Dr. Karry Kazial

KarryKarry A. Kazial

Associate Professor

Department of Biology
222 Jewett Hall
The State University of New York at Fredonia
Fredonia, NY 14063

Karry.Kazial@fredonia.edu
Phone: (716) 673-3284
Fax: (716) 673-3493

 

 

 

Education

Ph.D Evolution, Ecology & Organismal Biology, The Ohio State University 2000
M.S. Zoology, The Ohio State University 1997
B.A. Biology (summa cum laude), Canisius College 1993

Courses Taught at Fredonia

BIOL 111 Introduction to Biology
BIOL 243/244 Organismal Biology & Lab
BIOL 434/534 Animal Behavior
BIOL 457/557 Biostatistics
BIOL 473/573 Animal Communication

Research Interests – Animal Behavior, Animal Communication & Wildlife Conservation

Echolocation (sonar) calls are known to function in prey capture and navigation for bat species; however, they have not been commonly regarded as communicatory signals. Sonar calls have been shown to have variation linked to the age, sex, family, and individual identity of the bat that produced the calls. For my graduate work I described similar variation in the sonar calls of big brown bats. In addition, I discovered female big brown bats respond differentially to the sonar calls of males and females. At SUNY Fredonia, my students and I have included geographic variation in our investigation of sonar call variation in little brown bats and demonstrated individual recognition of conspecifics using sonar calls through habituation experiments. These findings suggest that echolocation calls, which have presumably been shaped by natural selection for prey capture, have also been co-opted for use in communication. 

Students and I have worked on conservation-related research with little brown bats including an investigation of insect availability and bat diet, environmental and bat house characteristics affecting the use of bat houses, the effect of artificial night lighting on bat activity, and habitat use by bats through acoustic monitoring of sonar calls. I have also mentored a student examining the effect of environmental enrichment on male/female interactions in a critically endangered species of macaque at the Buffalo Zoo. A new research direction in my lab involves the interaction between bats and insects. Specifically, students and I have been investigating insect response to bat sonar while in the context of mate attraction.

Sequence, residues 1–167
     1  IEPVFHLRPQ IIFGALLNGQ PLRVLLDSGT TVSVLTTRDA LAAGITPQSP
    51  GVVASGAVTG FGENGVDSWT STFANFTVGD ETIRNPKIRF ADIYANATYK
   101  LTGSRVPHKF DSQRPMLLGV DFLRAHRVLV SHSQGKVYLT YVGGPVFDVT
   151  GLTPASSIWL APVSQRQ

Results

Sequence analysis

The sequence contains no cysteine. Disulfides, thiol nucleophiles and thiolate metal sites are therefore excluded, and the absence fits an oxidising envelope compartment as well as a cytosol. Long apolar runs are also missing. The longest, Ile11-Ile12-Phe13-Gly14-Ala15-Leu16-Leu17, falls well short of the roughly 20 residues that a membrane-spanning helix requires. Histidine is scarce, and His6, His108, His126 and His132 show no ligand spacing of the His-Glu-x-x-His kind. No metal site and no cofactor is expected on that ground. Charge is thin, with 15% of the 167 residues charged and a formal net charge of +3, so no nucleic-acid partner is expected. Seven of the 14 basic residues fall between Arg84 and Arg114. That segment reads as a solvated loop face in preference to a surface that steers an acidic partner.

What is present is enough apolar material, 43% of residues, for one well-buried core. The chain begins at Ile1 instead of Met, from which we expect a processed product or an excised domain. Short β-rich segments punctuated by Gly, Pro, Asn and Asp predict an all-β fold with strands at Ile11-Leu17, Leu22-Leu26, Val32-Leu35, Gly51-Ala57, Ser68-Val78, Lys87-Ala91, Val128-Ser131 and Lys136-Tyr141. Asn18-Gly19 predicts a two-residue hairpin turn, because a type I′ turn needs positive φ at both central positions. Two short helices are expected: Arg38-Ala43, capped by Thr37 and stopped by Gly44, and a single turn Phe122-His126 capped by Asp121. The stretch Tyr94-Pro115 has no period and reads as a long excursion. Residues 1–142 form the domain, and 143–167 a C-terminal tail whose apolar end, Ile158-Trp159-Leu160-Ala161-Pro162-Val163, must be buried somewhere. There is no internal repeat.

Publications (*SUNY Fredonia student)

Stephen   Burnett & Karry Kazial. 2010. Computer Technology and Bioacoustics:   Applications in Bat Echolocation and Behavior Research. Applications of   Computer and Information Sciences to Nature Research. ACM Digital Library. 

Kazial, K.A.,   *Kenny, T.L., & Burnett, S.C. 2008. Little brown bats (Myotis lucifugus) recognize individual   identity of conspecifics using sonar calls. Ethology. 114:469-478. 

Kazial, K.A.,   *Pacheco, S. & *Zielinski, K.N. 2008. Information content of sonar calls   of little brown bats, Myotis lucifugus: Potential for communication. Journal of Mammalogy. 89(1):25-33. 

Burnett,   S.C., Fenton, M.B., Kazial, K.A., Masters, W.M. & McCracken, G.F. 2004.   Variation in Echolocation: Notes from a Workshop. Bat Research News. 45(4):187-197. 

Kazial,   K.A. & Masters, W.M. 2004. Female big brown bats, Eptesicus fuscus,   recognize sex from a caller’s echolocation signals. Animal Behaviour,   67:855-863. (Discovery   Channel,   Science News

Bergdall,   V. DVM, DACLAM, Burnett, S. PhD, Kazial, K. PhD, Mulliken, C. DVM, Monahan,   C. DVM, PhD & Masters, W.M. PhD. 2002. Treating mites in a bat colony: A   case study. Lab Animal, 31(5):43-45. 

Kazial,   K.A., Burnett, S.C. & Masters, W.M. 2001. Individual and group variation   in the echolocation calls of big brown bats, Eptesicus fuscus   (Chiroptera: Vespertilionidae). Journal   of Mammalogy, 82(2):339-351.

Burnett, S.C., Kazial, K.A. & Masters, W.M. 2001. Discriminating individual big brown bats (Eptesicus fuscus) sonar vocalizations in different recording situations. Bioacoustics, 11(3-4):189-210. 

Masters, W.M., Raver, K.A.S. & Kazial, K.A. 1995. Sonar signals of big brown bats, Eptesicus fuscus, contain information about individual identity, age and family affiliation. Animal Behaviour, 50:1243-1260.

Mentored M.S. Theses

Danielle Smith. Environmental enrichment as a means of increasing male-female social interactions in a critically endangered species, Macaca nigra. M.S. Thesis, SUNY Fredonia, May 2013.

Laura Alsheimer. The effect of artificial night lighting on the little brown bat (Myotis lucifugus). M.S. Thesis, SUNY Fredonia, May 2011. 

Laura Lynn. Investigating geographic dialect in the sonar calls of the little brown bat, Myotis lucifugus. M.S. Thesis, SUNY Fredonia, May 2009. 

Tammy Kenny. Social information recognized in the sonar calls of the little brown bat, Myotis lucifugus. M.S. Thesis, SUNY Fredonia, May 2007. 

Ethan Peters. Environmental and bat house characteristics affecting the use of bat houses by the little brown bat (Myotis lucifugus) at Chautauqua Institution, Chautauqua, NY. M.S. Thesis, SUNY Fredonia, May 2007. 

Melinda LaBarr. Insect availability and diet analysis in little brown bats (Myotis lucifugus). M.S. Thesis, SUNY Fredonia, May 2004.

 

 


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